Hayden Station School, c.1896-1912. WHS collections 19126.96.36.199, gift of Sara and Angela Cooper.
You may have driven by this lovely building at 853 Palisado Avenue (Route 159). In 1896 when it was erected, Windsor was divided into 10 school districts. The northern end of Route 159, known as Hayden Station, was called School District No. 6 and had 55 students between the ages of four and sixteen years old. It cost $2,400 to construct. In 1920 another room with a basement for the heater was added to the rear of the original building. The school is actually modeled after its predecessor which burned to the ground on a Friday evening in October, 1895. Only the library and text books could be saved. The children had to walk to the chapel in Hayden Station until their new school was constructed on the old school’s site.
The original school had been constructed in 1841. It was a one-room brick building following a plan drawn under the supervision of Henry Barnard, Secretary of the State Board of Commissioners for Connecticut Common Schools. This architectural plan was copied by other schools in the state as well as across the nation and Europe. The cost of this 1841 schoolhouse and the land it sat upon was about $1,000.
Henry Barnard encouraged school districts to consider the following:
…appoint a committee who will provide a pleasantly located, well built, neatly painted school house, with seats, desks, light, heat, and apparatus and library which shall make it attractive, comfortable and profitable to the children who are to spend six hours a day, for five or six days in the week, for thirty or forty weeks in the year, and for ten or twelve of the most susceptible and important years of their being.
It appears that Windsor’s committee consisted of Isaac Hayden, Samuel W. Ellsworth and Edward B. Munsell. The committee focused on the following:
Thanks to the good sense and good taste of your committee and to the public spirit of the original proprietor of the land, the house is located on a dry, elevated, and in every respect a healthy site. It is removed some sixty feet from the noise and dust of the highway and from all sights and sounds of idleness and dissipation. While there is ample room in front for all to occupy in common for recreation and sports, there is in the rear of the building a separate yard for either sex. When spring returns it will deck the greensward properly enclosed, and nourish, I trust, some elms, oaks and maples, which will in a few years throw their sheltering shadows over house and playground in summer, and break the inclemency of the storm in winter.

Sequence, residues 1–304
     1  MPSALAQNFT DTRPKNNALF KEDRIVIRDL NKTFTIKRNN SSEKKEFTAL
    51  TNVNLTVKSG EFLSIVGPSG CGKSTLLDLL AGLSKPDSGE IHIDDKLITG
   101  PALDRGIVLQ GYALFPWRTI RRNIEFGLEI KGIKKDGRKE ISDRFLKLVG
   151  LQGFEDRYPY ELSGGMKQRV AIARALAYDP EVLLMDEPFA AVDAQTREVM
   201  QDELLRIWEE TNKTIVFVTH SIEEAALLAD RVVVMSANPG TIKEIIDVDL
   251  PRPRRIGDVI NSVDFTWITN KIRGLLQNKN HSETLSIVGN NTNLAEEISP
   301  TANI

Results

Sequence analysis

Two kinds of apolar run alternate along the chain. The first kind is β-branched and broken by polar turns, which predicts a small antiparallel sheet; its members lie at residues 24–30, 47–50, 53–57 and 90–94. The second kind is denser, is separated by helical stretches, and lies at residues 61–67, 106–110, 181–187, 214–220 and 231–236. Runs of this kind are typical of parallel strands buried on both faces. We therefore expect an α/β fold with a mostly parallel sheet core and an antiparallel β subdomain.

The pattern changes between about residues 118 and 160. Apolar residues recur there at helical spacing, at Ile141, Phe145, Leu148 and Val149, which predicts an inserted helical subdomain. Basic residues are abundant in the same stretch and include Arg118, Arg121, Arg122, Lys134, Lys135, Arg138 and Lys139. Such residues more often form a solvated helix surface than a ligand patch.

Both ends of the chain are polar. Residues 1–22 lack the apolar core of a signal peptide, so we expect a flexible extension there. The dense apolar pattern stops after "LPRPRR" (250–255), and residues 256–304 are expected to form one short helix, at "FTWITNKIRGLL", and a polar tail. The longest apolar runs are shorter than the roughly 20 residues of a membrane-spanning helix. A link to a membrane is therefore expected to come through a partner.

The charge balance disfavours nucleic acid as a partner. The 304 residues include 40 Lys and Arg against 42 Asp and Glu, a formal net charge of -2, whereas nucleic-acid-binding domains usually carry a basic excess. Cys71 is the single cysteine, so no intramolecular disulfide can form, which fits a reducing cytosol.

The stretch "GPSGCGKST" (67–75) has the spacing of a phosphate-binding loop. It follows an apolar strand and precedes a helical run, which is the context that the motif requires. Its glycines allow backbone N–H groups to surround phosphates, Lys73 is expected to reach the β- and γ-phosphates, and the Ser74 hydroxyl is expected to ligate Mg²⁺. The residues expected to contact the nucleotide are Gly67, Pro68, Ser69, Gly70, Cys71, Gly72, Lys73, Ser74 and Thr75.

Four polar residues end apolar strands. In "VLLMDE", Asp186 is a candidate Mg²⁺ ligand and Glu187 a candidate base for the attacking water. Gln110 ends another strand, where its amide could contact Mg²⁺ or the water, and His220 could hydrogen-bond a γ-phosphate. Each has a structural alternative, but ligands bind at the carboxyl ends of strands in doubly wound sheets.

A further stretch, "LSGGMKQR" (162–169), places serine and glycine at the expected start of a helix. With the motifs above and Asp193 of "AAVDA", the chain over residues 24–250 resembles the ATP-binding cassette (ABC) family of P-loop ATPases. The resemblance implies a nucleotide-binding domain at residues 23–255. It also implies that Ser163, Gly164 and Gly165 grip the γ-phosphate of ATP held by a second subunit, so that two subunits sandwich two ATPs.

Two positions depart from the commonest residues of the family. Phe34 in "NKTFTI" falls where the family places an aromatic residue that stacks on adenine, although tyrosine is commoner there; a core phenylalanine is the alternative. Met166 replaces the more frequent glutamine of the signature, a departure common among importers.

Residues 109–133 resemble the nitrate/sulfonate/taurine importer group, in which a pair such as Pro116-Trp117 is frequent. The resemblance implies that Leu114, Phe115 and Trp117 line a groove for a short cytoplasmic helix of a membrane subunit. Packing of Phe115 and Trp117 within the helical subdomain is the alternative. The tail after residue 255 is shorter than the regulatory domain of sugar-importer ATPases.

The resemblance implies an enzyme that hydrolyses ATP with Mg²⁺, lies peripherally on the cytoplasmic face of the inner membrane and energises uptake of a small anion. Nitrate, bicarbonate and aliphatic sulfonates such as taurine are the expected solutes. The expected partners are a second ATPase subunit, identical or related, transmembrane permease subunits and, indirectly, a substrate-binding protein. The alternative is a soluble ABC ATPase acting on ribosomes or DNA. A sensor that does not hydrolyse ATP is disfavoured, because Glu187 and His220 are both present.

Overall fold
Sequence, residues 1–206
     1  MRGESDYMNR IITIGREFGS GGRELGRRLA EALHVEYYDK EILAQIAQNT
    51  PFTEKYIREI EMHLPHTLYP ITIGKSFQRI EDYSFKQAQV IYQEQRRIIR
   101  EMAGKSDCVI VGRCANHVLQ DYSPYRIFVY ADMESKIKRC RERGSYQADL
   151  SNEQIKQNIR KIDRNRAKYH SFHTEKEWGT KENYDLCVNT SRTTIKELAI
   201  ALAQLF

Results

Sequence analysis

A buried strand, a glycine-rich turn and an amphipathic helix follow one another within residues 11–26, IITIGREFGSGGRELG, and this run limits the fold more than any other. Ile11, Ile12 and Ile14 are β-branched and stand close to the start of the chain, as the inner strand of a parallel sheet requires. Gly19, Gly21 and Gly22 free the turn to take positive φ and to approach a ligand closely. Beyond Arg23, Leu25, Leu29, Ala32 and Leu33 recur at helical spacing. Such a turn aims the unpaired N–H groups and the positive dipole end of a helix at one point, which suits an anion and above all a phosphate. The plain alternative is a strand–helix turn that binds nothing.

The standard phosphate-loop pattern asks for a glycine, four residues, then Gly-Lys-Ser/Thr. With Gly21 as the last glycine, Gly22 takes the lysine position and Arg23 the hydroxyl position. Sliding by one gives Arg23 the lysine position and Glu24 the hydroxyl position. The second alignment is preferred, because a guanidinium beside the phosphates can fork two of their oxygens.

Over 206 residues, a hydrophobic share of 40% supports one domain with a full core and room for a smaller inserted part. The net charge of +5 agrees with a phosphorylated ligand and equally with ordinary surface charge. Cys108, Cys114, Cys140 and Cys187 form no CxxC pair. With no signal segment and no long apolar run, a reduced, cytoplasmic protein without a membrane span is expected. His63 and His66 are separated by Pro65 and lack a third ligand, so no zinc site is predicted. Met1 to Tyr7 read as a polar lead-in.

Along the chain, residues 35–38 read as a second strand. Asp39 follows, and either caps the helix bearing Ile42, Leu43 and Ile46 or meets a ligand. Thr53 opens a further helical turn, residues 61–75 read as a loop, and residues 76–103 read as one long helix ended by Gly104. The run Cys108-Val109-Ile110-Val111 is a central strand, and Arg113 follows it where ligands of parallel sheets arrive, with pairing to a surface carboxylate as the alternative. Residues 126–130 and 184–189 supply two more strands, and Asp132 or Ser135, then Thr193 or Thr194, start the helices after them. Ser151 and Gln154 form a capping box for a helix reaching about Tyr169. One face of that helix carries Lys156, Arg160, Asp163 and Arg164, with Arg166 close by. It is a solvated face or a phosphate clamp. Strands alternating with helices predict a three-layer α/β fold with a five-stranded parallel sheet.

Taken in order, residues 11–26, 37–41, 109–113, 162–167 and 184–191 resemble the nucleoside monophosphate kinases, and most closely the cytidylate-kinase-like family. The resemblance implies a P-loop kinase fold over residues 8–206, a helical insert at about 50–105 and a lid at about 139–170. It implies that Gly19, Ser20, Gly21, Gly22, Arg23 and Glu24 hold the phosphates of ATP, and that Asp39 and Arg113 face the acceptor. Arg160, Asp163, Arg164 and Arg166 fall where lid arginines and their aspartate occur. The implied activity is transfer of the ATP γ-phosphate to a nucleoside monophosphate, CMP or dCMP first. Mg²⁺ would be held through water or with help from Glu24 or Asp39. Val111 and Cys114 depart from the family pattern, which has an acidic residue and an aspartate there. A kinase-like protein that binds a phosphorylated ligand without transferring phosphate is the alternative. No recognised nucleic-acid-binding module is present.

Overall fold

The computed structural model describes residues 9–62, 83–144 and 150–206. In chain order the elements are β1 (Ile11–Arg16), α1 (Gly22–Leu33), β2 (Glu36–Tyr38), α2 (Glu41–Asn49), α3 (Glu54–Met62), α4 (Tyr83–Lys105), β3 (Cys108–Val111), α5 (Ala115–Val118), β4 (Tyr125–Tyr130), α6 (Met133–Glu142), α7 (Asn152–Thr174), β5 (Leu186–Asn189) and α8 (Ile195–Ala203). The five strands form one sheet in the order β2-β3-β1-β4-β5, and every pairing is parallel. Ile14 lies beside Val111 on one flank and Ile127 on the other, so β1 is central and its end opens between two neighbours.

Henry Barnard went on to describe the locations of other schools he had observed:
How striking and mournful the contrast presented in the location of most of our district school houses. Go where you will, you find them on or rather in the public road and not unfrequently in the public roads, where the attention of the scholars is disturbed by every passing object. I have visited them perched on the bleakest spot in the district, where all the winds and all the ways meet, on low marshy grounds, or in the midst of minutely grained sand – spots which no prudent former would occupy with a barn or a pig pen, or a mechanic with his workshop, if they could be had free of expense. But bad as the location too often is, there is no provision made for play ground, shade trees or outdoor arrangements of any kind It is the want of such arrangements which makes the schoolhouse an annoyance to the neighborhood where it is placed and the common school objectionable to that class of parents who regard the health, manners and morals of their children as too precious to be exposed by the shameful neglect of the districts.
This house is built according to rules of good taste, of durable materials, and in a workmanlike manner. The brick are not likely to be washed out by the rain, or the woodwork to shrink in the heat of the stove or sun, so as to leave knot holes and cracks for the “crannying winds” to whistle through. It is protected from cold beneath by a solid foundation of stone and mortar, a well matched floor, and a ceiling of wood as high as the window sills. The woodwork in the interior is “oaked” so as to give a finish and respectability to its appearance which entitle it to the care and respect of the children, that I doubt not, it will receive.
By the year 2000, this lovely old schoolhouse belonged to Mr. Al Shoham, a former student and childhood neighbor of the schoolhouse. He used it as a storage facility over the years. As of 2010 it is a private residence.
The information for this article came from the annual report of the Board of School Visitors of the Town of Windsor, 1896; Connecticut Common School Journal, March 1, 1841; A New History of Old Windsor by Daniel Howard, 1935.